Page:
WHY VANCOUVER WILL WIN: The Whitecaps had two weeks off to prepare for Sunday’s game against Toronto FC and a new-look side came away with a 1-0 win that snapped a three-game skid. They have the home field, momentum and the bankroll of dollars and talent that come with being an MLS side. There is also no chance of them looking past this game to Saturday’s league date with San Jose, having suffered two straight embarrassing oustings at the hands of CPL opponents in the past two Canadian Championship tournaments.

WHY VALOUR WILL WIN: The Winnipeg-based side comes in off a scoreless tie in their first home game of the season, but that came after a week where the club was limited to players training individually after a positive COVID test sent them into quarantine.

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There’s no fear factor in them facing an MLS side, either, and their coach’s experience will buoy their confidence even more. The Caps also lost starting goalkeeper Thomas Hasal to a hand injury suffered in Sunday’s game, and although backup Cody Cropper played well in relief it shortens their bench of available Canadians.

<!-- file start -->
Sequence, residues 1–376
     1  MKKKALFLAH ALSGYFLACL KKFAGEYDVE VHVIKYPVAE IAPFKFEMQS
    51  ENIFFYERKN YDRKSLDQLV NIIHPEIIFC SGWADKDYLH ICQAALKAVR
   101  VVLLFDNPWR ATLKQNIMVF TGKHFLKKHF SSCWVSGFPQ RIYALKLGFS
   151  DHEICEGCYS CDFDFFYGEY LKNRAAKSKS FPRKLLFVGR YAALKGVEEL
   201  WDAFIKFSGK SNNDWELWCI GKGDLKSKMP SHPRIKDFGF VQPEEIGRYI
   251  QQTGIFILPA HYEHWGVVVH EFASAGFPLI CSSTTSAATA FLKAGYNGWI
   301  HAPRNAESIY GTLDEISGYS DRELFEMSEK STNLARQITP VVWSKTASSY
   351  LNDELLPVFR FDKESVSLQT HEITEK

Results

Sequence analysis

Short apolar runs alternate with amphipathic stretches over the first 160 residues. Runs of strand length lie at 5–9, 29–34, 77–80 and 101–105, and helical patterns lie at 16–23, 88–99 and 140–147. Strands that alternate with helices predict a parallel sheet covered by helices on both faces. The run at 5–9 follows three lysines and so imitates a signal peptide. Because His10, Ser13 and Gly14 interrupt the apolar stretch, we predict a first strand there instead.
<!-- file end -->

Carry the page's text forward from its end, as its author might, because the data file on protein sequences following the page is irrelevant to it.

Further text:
“I understand that challenge that’s ahead of us. And you know people talk about, about the moment in which the Whitecaps are in … but it’s still the same team that not too long ago everyone was praising about how exciting and how good they can be,” said Phil Dos Santos. “I want the guys here to also believe that. We need to play a very good game and they need to be on a moment where things are not as good for them if we want to hope for an upset.”

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IT’S A SMALL WORLD: In addition to Levis, goalkeeper Jonathan Sirois could be considered a former Whitecap, having been loaned out to the Caps from Montreal as an emergency backup during the 2020 MiB tournament. The CF Montreal player is on loan to Valour from the Quebec side, but isn’t allowed to compete in Canadian Championship games due to a clause in his contract.

Valour’s Matteo de Brienne is a graduate of the Whitecaps FC BMO MLS academy, while teammate Diego Gutiérrez’s twin brother Cristián plays for the Whitecaps.

WHAT’S NEXT: The winner of the match, the first ever between the two sides, will advance to face the winner of Cavalry FC and FC Edmonton, who play Tuesday night. That game will be played later this month.